Sunday, March 11, 2007
Currently hanging outside the East Wing of the National Gallery is a large banner of Jasper Johns's 1955 "Target With Four Faces," advertising a show celebrating the first decade of his work. The painting is dominated by the title motif: a blue dot surrounded by four concentric circles of alternating yellow and blue. Walking in recently, I joked to my companion that I was surprised that Target wasn't sponsoring the show.
Out of the mouths of babes . . .
It turns out Target is sponsoring it, "proudly," in fact.
Offering financial backing to the exhibition was undoubtedly a savvy move for Target. After all, the show is filled with paintings that, though they aren't red and white, evoke Target's corporate logo. Johns's targets also appear on the exhibition catalogue and posters for sale in the gift shop. On the busy Sunday I was there, hundreds of people were strolling through, staring intently at various depictions of an image that has been engrained in our heads as standing for one of America's most powerful and successful companies.
As a groundbreaker for the Pop Art movement, Johns was very much interested in symbols, everyday household objects and popular culture, so perhaps the exhibition ought not to trouble me as much as it does. But I left that day feeling rather sick to my stomach.
The corporation as art critic may be inevitable. The wealthy members of society, in their role as patrons, have always had a profound influence on the course of art. But the current trend does not sit well with me. If financial realities force museums to cede control to corporate America, art may lose its magic. The artists and works to be celebrated will not be those that inspire, explain or expose, but those that get people to buy more Taco Bell burritos, iPods and Michelin radials. The very definition of art will be that which maximizes shareholder profit.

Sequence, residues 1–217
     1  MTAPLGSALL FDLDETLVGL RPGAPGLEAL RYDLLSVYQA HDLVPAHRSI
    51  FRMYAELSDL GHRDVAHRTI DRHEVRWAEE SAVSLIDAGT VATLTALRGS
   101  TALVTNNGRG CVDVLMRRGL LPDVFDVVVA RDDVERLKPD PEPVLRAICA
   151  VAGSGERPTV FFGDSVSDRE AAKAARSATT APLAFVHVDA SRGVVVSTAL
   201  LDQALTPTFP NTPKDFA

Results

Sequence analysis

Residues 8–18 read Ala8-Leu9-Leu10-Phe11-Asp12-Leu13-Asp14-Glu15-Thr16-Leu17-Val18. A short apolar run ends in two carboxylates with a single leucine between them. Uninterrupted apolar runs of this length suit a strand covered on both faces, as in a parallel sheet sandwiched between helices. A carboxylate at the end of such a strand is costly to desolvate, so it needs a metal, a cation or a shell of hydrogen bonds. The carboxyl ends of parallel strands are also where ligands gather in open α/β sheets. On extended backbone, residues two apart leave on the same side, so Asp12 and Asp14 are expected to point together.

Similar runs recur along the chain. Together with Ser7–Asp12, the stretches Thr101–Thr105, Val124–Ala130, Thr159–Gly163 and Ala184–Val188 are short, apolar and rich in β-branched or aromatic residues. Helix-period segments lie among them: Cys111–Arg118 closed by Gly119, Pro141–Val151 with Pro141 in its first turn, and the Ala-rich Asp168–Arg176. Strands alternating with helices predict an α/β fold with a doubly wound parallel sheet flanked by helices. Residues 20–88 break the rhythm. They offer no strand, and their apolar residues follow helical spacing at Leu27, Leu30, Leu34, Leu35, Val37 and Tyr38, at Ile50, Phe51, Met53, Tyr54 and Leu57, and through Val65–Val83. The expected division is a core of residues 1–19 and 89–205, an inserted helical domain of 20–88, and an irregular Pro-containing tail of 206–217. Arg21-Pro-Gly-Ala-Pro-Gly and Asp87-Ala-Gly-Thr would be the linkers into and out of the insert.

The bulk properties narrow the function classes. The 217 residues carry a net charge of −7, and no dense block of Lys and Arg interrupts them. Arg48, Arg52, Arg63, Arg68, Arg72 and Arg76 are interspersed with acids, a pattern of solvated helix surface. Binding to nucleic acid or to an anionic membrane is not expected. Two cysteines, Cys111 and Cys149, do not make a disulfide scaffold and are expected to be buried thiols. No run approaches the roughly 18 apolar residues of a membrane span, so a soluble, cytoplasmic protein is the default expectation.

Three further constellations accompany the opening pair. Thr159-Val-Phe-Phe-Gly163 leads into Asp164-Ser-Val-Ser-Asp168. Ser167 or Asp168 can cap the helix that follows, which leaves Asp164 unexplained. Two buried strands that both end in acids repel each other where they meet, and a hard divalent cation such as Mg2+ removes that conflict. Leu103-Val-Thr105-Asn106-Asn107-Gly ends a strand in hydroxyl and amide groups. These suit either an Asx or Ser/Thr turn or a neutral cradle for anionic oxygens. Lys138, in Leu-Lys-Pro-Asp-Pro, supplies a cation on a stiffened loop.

While the Johns show, which runs through April 29, presents a particularly strong example of rising corporate influence over the art world, it is not an isolated instance. Last summer I was wandering through "Bellini, Giorgione, Titian, and the Renaissance of Venetian Painting" in the West Wing, wondering why the curators had devoted so much space in the exhibition to how x-radiographs and infrared images could be used to reveal insights into the creative process. Perhaps it arose from a genuine sense that the public needed to be educated on important technological innovations in the world of curatorship, but then -- call me cynical -- perhaps it was because the exhibition was made possible by Bracco, an international leader in diagnostic imaging.
So, what is to be done?
First, if we care about art -- if we value it as a social good -- we must increase public funding so that museum directors and artists can remain independent. While the United States is unlikely to shift to the centralized European model of art sponsorship, the federal government's stingy arts budget could be increased without any of us feeling much of a bite in our pocketbooks.
Second, we should demand that corporations give money to art galleries without sponsoring particular shows. If Target is really committed to "arts and education," as it says in the Johns show brochure, then it should be just as satisfied with its donation going to support the excellent exhibit on Rembrandt's prints and drawings in the adjoining building.
-- Adam Benforado
The writer is a lawyer and art history buff. His e-mail address is email@example.com.